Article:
Led Zeppelin's incredible appeal could guarantee a sell-out crowd of rebels or wannabees, but that talent and the generally hospitable demeanor of Robert Plant notwithstanding, the band was not among Bill Graham's favorites. Hedonistic and heavily protected by a personal security force of epic, in pounds and punching-power, proportions, the band was famous for leaving damaged digs and damsels in its wake. This performance in Oakland is memorable for a behind the scenes brou-ha-ha that sent some Graham staff to the emergency room and lawyers noble [Graham's] and oleaginous [Graham's take] opining over the proceedings. In the end, the band returned for the second night's performance in the fashionably late timeframe their fans had come to expect, and Graham and his people had their justice. In a sad footnote to this concert, Plant's young son died suddenly and unexpectedly a short time later, and Led Zeppelin cancelled the balance of their American tour.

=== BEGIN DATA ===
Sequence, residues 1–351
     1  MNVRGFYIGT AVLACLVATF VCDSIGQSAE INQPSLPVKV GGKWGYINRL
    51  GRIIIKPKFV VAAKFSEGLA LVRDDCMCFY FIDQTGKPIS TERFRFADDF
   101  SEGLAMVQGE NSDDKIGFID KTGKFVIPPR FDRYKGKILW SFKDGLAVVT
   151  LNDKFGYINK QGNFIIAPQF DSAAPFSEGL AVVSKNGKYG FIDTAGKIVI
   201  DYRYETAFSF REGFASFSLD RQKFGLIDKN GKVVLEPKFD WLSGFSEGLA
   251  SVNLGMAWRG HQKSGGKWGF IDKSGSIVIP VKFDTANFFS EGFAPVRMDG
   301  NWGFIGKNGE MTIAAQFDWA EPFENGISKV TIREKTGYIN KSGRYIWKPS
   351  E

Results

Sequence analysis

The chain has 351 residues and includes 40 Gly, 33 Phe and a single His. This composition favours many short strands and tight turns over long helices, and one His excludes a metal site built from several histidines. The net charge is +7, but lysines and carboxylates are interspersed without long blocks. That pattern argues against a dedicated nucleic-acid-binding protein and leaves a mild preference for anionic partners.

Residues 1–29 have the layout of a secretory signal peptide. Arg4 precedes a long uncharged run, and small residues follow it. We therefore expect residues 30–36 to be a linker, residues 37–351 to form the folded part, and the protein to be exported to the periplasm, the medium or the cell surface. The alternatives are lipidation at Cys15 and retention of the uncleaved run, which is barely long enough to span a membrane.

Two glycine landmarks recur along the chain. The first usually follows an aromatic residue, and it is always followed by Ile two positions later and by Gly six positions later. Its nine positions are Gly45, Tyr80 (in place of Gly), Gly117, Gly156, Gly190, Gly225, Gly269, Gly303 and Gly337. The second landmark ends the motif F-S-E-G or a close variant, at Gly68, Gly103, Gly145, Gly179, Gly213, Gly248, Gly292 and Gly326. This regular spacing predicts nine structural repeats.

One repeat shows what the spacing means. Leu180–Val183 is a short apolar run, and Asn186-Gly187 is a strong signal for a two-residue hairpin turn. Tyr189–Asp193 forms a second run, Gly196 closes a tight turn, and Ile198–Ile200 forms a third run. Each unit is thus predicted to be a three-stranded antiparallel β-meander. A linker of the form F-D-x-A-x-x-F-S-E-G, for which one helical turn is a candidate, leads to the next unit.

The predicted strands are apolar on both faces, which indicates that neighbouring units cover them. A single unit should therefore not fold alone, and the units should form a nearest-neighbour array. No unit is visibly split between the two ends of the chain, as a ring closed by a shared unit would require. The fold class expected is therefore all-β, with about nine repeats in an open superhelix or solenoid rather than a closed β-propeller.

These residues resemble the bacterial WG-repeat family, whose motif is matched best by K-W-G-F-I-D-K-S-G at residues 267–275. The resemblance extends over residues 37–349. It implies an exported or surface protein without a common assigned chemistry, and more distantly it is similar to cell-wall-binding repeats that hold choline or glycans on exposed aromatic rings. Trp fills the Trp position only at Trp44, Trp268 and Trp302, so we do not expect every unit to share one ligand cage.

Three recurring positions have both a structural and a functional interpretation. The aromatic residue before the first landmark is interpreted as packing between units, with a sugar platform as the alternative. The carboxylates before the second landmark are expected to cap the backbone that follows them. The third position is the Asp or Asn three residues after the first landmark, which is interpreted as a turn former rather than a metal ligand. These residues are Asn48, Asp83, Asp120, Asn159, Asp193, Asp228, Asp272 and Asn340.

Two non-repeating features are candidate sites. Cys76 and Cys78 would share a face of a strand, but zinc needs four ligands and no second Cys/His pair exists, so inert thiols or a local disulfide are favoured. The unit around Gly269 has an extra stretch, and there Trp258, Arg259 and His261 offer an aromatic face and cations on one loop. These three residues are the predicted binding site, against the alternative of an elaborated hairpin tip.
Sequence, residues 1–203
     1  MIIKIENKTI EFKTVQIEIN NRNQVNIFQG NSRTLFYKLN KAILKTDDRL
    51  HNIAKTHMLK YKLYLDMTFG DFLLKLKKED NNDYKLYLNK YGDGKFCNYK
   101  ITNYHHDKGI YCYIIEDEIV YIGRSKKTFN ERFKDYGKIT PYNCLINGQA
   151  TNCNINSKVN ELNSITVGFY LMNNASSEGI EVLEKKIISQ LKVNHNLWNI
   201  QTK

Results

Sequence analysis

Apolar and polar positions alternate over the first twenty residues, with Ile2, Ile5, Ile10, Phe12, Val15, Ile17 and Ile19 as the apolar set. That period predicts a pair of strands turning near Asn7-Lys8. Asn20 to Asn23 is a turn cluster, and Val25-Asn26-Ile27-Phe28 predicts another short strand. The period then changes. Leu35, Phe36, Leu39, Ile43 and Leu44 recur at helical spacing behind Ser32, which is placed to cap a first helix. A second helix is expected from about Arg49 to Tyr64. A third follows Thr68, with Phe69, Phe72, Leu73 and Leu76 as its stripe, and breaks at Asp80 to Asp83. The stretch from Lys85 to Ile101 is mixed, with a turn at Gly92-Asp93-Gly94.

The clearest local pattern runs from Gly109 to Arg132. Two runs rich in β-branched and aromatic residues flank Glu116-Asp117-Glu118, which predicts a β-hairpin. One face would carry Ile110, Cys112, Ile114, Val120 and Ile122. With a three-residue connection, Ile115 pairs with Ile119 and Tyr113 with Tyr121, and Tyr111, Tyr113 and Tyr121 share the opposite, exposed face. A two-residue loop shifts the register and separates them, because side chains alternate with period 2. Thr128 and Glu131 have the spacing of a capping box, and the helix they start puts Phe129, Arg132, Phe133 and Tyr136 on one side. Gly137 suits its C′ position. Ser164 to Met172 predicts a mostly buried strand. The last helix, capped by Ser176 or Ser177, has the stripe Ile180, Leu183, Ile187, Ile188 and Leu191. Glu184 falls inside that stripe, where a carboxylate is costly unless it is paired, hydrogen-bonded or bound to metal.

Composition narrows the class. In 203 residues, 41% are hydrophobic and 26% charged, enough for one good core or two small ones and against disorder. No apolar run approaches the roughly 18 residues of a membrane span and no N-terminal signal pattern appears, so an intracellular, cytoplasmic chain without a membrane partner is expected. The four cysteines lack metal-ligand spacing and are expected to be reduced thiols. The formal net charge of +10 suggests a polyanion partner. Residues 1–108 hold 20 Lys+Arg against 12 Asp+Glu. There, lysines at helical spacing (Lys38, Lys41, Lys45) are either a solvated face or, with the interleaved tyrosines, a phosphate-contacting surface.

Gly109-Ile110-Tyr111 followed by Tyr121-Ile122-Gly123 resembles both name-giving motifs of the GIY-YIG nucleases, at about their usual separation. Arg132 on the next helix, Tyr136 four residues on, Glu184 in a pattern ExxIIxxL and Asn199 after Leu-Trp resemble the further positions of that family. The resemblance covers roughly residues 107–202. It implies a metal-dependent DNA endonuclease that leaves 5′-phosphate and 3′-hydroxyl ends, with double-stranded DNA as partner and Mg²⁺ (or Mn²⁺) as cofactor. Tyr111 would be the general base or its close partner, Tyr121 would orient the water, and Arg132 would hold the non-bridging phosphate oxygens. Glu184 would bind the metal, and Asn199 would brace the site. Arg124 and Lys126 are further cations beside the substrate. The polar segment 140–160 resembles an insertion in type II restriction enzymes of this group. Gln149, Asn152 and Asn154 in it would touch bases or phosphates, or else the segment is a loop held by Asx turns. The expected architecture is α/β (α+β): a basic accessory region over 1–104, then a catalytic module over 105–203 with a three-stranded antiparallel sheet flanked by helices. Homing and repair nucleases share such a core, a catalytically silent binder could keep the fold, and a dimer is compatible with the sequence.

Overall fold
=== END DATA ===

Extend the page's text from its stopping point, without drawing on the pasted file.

Day[s] on the Green were special events designed by Bill Graham in the early 1970s to satisfy both fan interest and escalating financial demands from the bands. Huge outdoor 'sets,' the first theatre-like event was staged at the Kezar Pavilion in May, 1973 but future concerts, renamed Day on the Green, soon moved to the Oakland venue. Very successful both economically and artistically, Graham staged seven or eight of these festivals each spring and summer for a number of years.
Randy Tuten's fondness for transportation motifs in his eclectic poster art compositions made the choice for this design both pertinent and obvious. Designing posters for Led Zeppelin events since the late '60s, Tuten would occasionally depart from the de rigueur blimp logo [see BG170].
The Vault's retro and vintage pin collection ranges from round, metal, campaign-style mementos of specific concerts, events and political statements to square tokens of promotional album imagery. Many bear the likeness of a performer, album cover or the salient graphic from a poster that advertised an event. Vintage pins from as early as 1966 tout the coolest shows and hottest rockers, while our retro designs bring the greatest icons of image and sound to the lapel and knapsack.
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